Roll back a decade and the Medway towns were embroiled in a deep debate between political parties as to whether or not the then Mayor of London’s scheme to bring greater business into London and sort out the Gatwick/Heathrow expansion row could be solved easily. Boris Johnson stated at the time that: You can’t go on expecting Britain to compete with France and Germany and other European countries when we simply can’t supply the flights to these growth destinations – China, Latin America. We are now being left behind.

The idea of expanding Heathrow or Gatwick was never popular with environmentalists and more importantly local residents who didn’t want to lose their homes or have more aircraft flying over them. It was also problematic for the local Conservative MPs such as Zack Goldsmith who was caught between the local campaign and national policies.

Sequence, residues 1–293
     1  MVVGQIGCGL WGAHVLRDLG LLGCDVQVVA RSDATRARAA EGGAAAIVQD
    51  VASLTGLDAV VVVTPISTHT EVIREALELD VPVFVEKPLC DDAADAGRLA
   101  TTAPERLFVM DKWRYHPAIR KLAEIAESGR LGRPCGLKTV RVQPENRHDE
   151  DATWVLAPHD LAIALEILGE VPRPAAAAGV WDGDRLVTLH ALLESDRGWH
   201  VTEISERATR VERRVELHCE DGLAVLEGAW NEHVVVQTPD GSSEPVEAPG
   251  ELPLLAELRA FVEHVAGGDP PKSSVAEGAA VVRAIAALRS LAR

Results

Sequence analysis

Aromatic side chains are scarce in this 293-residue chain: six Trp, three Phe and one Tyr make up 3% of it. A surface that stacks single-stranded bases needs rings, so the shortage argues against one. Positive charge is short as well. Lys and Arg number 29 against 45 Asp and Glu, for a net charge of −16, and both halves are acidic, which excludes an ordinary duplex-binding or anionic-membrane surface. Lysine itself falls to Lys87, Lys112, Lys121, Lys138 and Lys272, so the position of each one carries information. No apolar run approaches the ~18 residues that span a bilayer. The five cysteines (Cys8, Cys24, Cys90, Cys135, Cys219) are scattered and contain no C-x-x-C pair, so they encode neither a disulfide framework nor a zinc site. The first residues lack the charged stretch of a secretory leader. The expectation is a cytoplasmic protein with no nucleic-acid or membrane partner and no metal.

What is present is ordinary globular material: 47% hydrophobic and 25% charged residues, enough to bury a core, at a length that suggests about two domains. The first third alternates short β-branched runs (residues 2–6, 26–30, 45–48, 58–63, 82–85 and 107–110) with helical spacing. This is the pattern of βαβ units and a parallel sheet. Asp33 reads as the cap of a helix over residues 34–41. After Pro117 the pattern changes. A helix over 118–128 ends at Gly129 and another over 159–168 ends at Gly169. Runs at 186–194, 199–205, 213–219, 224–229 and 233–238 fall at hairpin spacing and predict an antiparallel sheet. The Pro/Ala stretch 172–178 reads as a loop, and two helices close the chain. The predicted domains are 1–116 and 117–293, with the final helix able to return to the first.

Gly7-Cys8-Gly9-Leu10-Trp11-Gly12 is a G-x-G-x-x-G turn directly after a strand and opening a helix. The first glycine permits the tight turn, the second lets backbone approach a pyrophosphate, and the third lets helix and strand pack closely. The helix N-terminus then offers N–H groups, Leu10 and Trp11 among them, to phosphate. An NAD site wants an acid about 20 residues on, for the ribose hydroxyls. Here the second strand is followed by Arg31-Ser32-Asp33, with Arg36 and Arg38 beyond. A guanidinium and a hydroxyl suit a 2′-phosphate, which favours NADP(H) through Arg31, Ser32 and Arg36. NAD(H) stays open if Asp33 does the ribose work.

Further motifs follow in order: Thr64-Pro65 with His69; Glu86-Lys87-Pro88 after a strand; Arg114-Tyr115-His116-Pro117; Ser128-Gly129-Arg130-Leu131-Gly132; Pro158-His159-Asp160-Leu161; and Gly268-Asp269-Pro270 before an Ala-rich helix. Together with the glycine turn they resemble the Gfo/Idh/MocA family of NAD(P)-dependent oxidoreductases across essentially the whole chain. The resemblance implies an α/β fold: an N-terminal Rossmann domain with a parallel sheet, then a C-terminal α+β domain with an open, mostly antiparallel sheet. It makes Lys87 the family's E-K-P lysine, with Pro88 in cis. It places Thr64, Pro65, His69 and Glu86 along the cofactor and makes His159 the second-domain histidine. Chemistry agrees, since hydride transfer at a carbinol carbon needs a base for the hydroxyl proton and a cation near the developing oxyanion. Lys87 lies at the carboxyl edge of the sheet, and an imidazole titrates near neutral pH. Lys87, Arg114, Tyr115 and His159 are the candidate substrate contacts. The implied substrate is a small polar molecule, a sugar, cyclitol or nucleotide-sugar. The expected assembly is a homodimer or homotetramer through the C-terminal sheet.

What was put forward was the Thames Estuary airport or as it came to be known “Boris Island”. This was not the first airport suggested for the region with an original plan for an airport at Cliffe being fought locally around 2004 (I was writing my post-grad dissertation on it). The Thames estuary suggestion was preferred as, unlike Cliffe, there were no building restrictions due to natural habitats and areas of natural beauty. A whole island would be built in the estuary with transport links to the mainland, creating many jobs for both those in Kent and Essex. The whole structure was designed by Lord Foster who suggested building it on the Isle of Grain as a hub.